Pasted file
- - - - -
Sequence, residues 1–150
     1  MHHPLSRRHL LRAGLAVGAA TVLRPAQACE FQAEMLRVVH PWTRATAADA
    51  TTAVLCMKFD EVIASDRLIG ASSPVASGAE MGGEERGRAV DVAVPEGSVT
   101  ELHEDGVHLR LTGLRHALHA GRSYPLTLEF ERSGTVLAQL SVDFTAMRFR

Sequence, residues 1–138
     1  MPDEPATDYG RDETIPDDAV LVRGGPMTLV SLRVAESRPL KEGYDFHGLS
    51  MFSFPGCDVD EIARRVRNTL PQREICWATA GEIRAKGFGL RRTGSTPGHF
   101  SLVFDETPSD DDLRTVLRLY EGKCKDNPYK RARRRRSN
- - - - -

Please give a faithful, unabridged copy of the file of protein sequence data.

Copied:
Sequence, residues 1–150
     1  MHHPLSRRHL LRAGLAVGAA TVLRPAQACE FQAEMLRVVH PWTRATAADA
    51  TTAVLCMKFD EVIASDRLIG ASSPVASGAE MGGEERGRAV DVAVPEGSVT
   101  ELHEDGVHLR LTGLRHALHA GRSYPLTLEF ERSGTVLAQL SVDFTAMRFR

Sequence, residues 1–138
     1  MPDEPATDYG RDETIPDDAV LVRGGPMTLV SLRVAESRPL KEGYDFHGLS
    51  MFSFPGCDVD EIARRVRNTL PQREICWATA GEIRAKGFGL RRTGSTPGHF
   101  SLVFDETPSD DDLRTVLRLY EGKCKDNPYK RARRRRSN